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Tacoma Arts Commission and Evergreen College receive $300,000 as part of the inaugural “Our Town” grants from National Endowment for the Arts

Post by Rosemary Ponnekanti / The News Tribune on July 12, 2011 at 12:39 pm with 1 Comment »
July 12, 2011 12:39 pm

The City of Tacoma’s Arts Commission and Evergreen State College are the only two Washington state recipients of a new grant from the National Endowment for the Arts, announced NEA chairman Rocco Landesman on Tuesday. The “Our Town” grants give a total of $6.575 million to 51 communities in 34 states to fund public-private partnerships that both support the arts and shape the local community in social, physical and economic ways to increase livability.

At $200,000 the grant to the Tacoma Arts Commission is one of the largest. It will help fund the redesign of the Tacoma Art Museum plaza and Pacific Avenue streetscape, a museum-city collaboration currently in design and slated to begin work later this year. Among the elements of the plan are a covered area for the museum’s plaza, creation of the Prairie Line walking/riding trail from the University of Washington to the waterfront, art elements along the trail and an eco- and pedestrian-friendly streetscape.

“We are thrilled to be included in the NEA’s inaugural Our Town program,” says city arts administrator Amy McBride. “This particular project is a crucial nexus to the south end of downtown and entrance into the city center and is definitely a design challenge. It is fantastic to have the confidence and support of the NEA as we move forward.”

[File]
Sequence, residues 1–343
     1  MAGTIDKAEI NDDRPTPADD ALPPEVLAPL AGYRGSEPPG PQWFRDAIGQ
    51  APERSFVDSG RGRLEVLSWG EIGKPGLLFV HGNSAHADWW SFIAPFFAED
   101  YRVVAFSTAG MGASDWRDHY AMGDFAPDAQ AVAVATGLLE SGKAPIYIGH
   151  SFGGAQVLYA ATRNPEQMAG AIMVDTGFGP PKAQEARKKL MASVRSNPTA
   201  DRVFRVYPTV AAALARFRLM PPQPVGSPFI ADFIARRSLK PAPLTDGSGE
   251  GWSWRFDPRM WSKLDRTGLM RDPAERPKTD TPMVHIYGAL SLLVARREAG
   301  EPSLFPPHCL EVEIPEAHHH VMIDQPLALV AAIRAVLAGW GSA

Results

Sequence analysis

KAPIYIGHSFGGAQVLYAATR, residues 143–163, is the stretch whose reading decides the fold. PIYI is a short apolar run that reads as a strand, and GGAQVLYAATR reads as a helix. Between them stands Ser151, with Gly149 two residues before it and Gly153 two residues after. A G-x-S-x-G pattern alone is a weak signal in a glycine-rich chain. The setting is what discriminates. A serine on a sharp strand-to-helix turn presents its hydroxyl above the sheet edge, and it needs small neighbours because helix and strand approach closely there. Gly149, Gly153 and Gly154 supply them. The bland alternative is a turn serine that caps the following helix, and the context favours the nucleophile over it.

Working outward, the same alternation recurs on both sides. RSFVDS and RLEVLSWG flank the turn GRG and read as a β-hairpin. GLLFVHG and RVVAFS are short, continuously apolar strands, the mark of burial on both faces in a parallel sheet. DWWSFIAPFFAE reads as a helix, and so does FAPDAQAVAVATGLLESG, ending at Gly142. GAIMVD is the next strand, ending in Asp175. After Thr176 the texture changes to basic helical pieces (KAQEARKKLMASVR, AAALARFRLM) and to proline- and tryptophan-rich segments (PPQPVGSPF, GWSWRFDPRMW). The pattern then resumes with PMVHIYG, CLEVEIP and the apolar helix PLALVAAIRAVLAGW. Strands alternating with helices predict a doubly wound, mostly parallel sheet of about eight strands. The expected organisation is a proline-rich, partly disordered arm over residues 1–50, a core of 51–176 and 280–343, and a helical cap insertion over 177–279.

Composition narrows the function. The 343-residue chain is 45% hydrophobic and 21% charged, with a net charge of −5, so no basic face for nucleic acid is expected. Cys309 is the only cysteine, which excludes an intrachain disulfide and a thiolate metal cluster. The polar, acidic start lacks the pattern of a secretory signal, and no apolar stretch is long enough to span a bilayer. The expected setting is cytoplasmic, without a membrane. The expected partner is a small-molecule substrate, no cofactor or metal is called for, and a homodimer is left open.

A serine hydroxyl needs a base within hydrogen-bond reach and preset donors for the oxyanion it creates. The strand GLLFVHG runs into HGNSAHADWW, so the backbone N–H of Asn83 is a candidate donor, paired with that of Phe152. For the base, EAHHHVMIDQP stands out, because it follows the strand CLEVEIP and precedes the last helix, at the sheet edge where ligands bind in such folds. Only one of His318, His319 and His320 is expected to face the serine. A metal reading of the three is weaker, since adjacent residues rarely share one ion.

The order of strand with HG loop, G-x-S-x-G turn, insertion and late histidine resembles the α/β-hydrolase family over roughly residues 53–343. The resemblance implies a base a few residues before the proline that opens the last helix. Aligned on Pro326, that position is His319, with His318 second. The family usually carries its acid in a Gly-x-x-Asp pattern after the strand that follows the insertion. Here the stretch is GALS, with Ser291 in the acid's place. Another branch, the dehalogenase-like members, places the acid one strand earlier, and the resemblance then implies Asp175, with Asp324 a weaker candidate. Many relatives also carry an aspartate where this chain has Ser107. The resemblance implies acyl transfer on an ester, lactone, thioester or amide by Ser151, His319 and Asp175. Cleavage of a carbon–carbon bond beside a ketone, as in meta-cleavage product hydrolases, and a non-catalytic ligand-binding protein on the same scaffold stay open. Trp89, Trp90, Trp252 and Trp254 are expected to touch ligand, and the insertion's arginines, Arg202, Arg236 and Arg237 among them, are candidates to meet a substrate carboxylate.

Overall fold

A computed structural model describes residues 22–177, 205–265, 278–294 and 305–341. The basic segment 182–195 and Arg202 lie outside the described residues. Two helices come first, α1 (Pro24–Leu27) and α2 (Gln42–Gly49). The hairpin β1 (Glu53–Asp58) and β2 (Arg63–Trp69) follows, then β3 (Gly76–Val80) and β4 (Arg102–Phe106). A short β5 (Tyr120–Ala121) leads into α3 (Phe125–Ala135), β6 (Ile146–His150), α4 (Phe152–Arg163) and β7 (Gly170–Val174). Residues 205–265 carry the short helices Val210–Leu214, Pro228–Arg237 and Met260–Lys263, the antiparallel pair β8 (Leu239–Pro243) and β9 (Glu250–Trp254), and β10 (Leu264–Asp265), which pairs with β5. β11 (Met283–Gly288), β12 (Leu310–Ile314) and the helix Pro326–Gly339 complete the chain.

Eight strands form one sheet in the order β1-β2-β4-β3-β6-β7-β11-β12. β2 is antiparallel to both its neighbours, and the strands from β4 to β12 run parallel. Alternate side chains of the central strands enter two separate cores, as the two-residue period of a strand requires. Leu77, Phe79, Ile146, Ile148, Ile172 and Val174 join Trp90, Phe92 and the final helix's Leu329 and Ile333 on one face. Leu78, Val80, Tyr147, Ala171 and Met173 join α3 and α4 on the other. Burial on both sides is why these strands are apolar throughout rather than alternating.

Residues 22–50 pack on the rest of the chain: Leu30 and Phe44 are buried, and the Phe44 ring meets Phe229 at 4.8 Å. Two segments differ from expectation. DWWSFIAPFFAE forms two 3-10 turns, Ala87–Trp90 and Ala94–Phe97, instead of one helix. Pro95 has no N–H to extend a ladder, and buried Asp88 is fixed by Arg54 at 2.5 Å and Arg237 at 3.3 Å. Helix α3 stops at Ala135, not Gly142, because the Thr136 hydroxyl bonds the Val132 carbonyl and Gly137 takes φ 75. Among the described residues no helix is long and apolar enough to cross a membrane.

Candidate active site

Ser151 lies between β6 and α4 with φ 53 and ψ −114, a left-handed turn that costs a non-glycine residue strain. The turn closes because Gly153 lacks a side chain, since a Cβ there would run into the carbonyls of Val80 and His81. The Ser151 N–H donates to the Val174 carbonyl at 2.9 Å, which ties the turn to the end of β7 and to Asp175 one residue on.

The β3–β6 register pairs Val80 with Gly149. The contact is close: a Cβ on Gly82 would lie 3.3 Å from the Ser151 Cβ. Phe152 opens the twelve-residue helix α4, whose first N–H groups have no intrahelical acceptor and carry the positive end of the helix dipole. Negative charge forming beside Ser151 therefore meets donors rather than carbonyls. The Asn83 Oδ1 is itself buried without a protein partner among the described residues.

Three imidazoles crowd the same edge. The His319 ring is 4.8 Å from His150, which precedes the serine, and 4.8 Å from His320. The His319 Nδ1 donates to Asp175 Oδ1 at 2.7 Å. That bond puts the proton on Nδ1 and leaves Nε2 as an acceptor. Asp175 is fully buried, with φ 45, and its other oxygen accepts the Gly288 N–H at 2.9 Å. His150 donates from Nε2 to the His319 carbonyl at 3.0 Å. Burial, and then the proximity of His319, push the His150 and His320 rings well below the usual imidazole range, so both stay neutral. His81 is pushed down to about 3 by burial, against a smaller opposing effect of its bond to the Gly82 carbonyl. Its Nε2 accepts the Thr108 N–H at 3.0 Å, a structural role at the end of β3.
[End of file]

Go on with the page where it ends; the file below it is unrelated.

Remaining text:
The Evergreen State College in Olympia has received a $100,000 Our Town grant to support a series of community art workshops led by Squaxin Island tribe artists at the Evergreen Longhouse in preparation for the tribe’s hosting of the annual Tribal Canoe Journey.

“Communities across our country are investing in the arts and smart design to enhance Americans’ quality of life and to promote the distinctive identities of our communities,” said Landesman. “Our Town creates partnerships among local governments and arts and design organizations to strengthen the creative sector and help revitalize the overall community.”

Grants ranged from $25,000 to $250,000, and over half were awarded to communities of less than 200,000 people. Projects included art installations, self-drive art tours, competitions, venue improvement and workshops.


Leave a comment Comments → 1
  1. Hurray! Now lack of money will no longer be an excuse for not freeing the “Sun King” from storage.

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